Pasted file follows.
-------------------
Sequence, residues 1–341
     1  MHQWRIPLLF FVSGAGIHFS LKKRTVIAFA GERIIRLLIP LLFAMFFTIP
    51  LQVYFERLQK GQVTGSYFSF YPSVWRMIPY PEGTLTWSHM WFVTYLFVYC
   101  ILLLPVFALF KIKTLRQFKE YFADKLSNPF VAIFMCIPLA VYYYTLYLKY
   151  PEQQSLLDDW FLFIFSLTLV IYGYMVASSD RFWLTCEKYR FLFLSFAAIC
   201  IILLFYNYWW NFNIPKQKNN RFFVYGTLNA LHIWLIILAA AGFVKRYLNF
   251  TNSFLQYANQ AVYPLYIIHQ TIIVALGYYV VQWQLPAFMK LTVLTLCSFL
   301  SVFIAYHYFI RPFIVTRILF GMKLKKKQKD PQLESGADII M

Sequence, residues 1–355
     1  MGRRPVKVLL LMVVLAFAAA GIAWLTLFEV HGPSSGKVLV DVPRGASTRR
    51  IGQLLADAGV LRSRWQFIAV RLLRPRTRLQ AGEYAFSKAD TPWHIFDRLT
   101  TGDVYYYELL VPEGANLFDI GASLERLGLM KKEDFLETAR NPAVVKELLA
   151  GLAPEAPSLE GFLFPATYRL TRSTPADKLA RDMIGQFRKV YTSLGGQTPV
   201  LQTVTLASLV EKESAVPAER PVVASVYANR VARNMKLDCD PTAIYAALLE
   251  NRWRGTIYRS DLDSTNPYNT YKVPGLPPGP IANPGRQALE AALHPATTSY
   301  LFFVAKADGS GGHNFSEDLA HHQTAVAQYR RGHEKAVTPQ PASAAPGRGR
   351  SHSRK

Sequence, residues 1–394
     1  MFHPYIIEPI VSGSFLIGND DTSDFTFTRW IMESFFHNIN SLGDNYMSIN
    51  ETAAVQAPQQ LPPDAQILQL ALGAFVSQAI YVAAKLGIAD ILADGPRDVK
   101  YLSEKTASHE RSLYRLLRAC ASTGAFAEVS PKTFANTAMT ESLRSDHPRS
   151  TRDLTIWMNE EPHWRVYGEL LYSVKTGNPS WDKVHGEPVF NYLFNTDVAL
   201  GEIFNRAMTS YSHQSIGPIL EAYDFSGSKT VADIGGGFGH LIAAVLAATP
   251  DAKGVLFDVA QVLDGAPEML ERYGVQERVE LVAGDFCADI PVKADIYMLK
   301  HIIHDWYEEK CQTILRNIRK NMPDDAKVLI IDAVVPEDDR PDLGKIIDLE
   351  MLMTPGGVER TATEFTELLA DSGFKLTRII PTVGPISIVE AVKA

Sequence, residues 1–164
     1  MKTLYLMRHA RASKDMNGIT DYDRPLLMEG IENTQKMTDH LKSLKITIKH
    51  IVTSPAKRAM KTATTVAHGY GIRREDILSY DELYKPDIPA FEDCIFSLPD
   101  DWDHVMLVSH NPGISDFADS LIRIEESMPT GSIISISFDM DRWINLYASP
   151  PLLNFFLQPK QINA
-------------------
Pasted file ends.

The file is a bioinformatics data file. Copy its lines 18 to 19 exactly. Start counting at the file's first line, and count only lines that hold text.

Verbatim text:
Sequence, residues 1–394
     1  MFHPYIIEPI VSGSFLIGND DTSDFTFTRW IMESFFHNIN SLGDNYMSIN